I'm looking forward to the year 2040, because that is when we won't be debating anymore whether birth control belongs in a basic health plan.
Why? Because by then this fight over the obvious just has to have settled into broad acceptance. I could be wrong, of course. Foes of birth control could persist, citing religious objections. One hopes they move on.
In the meantime, lawsuits are flying to challenge the part of the Affordable Care Act requiring contraceptive coverage in employee health care plans. Rulings in the lower courts are all over the place, and so the matter seems likely to end up in the U.S. Supreme Court.
The theme here is: Times Change. If the justices rule against the birth-control requirement, they will only be delaying the inevitable.
The Book of Leviticus calls for executing adulterers. We don't kill adulterers today, though some cultures still execute the women involved. (In the United States, even a light stoning would bring charges of assault.)
There was a time when Medicare went against the conservative creed. For many, fighting the birth-control mandate seems another means of harassing the health care reforms.
In 1961, Ronald Reagan bashed the proposed Medicare program in a recording titled, ”Ronald Reagan speaks out against SOCIALIZED MEDICINE.” He melodramatically warned that if Medicare wasn't stopped, ”you and I are going to spend our sunset years telling our children and our children's children what it once was like in America when men were free.”
Today, nearly 50 years after the program's creation, most conservatives talk of ”saving” the program for future generations.
Their idea of saving it might be letting private insurers cut the guts out of benefits. They might want means-testing to the point that Medicare becomes a program for the poor — and Americans with money won't care whether it lives or dies. Neither approach would leave Medicare the universal benefit most Americans know and cherish, but no serious politician tars it as a path to socialist dictatorship.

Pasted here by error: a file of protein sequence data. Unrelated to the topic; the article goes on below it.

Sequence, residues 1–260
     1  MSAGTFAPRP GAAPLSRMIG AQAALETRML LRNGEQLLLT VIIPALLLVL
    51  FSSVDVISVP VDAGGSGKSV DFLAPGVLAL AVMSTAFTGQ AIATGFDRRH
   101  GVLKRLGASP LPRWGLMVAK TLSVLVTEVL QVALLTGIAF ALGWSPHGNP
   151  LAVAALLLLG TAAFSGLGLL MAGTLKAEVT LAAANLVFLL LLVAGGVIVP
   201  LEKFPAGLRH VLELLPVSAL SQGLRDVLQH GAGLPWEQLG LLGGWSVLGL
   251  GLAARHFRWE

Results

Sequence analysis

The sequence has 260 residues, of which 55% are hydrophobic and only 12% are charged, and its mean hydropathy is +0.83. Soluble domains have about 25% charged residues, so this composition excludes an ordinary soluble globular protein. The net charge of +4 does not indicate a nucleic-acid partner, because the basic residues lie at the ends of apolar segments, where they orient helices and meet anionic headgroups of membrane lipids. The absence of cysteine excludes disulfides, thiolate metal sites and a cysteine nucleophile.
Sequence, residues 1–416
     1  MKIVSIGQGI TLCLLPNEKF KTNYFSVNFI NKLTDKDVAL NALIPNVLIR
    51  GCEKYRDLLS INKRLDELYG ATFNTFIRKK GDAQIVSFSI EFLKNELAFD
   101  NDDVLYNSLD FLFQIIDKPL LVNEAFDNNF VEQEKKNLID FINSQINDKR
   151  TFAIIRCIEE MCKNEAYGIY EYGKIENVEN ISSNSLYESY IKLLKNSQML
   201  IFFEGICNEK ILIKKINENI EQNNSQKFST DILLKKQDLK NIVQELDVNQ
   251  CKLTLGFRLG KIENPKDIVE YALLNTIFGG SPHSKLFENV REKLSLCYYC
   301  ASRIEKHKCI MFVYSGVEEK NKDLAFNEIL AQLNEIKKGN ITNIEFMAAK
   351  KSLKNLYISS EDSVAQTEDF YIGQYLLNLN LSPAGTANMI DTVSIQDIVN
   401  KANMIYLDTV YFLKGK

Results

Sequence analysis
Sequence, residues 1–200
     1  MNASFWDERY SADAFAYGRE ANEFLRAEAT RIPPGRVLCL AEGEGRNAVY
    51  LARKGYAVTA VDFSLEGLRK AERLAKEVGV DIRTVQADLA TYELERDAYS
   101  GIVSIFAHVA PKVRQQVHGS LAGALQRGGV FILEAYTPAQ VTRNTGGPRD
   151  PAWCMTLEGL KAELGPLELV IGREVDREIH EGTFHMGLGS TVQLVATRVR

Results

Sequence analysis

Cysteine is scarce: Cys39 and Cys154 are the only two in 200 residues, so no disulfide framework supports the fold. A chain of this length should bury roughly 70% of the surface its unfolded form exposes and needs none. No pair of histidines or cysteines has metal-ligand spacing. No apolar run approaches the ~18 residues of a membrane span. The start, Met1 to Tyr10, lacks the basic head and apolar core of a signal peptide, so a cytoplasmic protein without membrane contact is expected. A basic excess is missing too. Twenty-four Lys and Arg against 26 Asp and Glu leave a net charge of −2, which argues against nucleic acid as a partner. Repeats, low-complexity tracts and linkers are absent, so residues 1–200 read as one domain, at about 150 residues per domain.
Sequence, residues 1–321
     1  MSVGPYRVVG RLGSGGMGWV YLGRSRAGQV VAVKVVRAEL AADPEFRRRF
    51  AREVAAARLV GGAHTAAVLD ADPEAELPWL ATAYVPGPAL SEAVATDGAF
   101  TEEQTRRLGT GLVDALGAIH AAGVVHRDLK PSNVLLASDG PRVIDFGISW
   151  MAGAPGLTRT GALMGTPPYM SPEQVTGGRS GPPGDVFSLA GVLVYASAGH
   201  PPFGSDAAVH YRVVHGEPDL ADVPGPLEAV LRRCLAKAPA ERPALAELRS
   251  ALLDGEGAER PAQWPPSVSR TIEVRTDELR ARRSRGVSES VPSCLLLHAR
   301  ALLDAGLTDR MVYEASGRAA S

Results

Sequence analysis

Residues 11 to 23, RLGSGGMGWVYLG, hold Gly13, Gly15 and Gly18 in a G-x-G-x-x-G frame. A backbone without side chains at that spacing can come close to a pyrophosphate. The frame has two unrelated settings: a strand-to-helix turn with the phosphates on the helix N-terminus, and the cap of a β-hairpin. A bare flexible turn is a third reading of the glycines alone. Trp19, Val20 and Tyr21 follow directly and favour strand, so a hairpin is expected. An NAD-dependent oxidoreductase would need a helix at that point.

Yes, contraception is a somewhat different situation. It goes against Roman Catholic doctrine, even though the vast majority of Catholic women have used birth control without apology. Church leaders challenge the part of ObamaCare requiring such coverage for employees at their hospitals, colleges and charities.
Accommodating people of faith — and some evangelicals oppose birth control, as well — would seem a reasonable thing to do. But only up to a point. I recall a conversation not long ago with a Christian Brother, member of a male religious community within the Catholic Church that does wonderful work with young people. One case involved the daughter of an impoverished immigrant having her second baby at age 16.
I asked him, ”Shouldn't she be getting in touch with birth control?” He shrugged and pointed to his collar. I was not sure whether his shrug meant, ”Yes, but I'm not allowed,” or, ”You know I don't believe in birth control.”
To me, the most humane approach would have been to get this girl a health care provider able to dispense contraceptives. Sure, female lawyers, teachers and middle-class homemakers could pay extra for their own, if it came down to that (and it shouldn't). But the poor most need this kind of coverage. Given the economic and social afflictions tied to unplanned teenage pregnancies, it would also seem a compelling state interest.
Note that I didn't get into the feminist argument here, though one can be made. Let's keep this simple: Contraception is so obviously a basic in any health care plan. It's only a matter of time before we stop making an issue out of it. May that time be short.
Contact Harrop, a syndicated columnist, at email@example.com.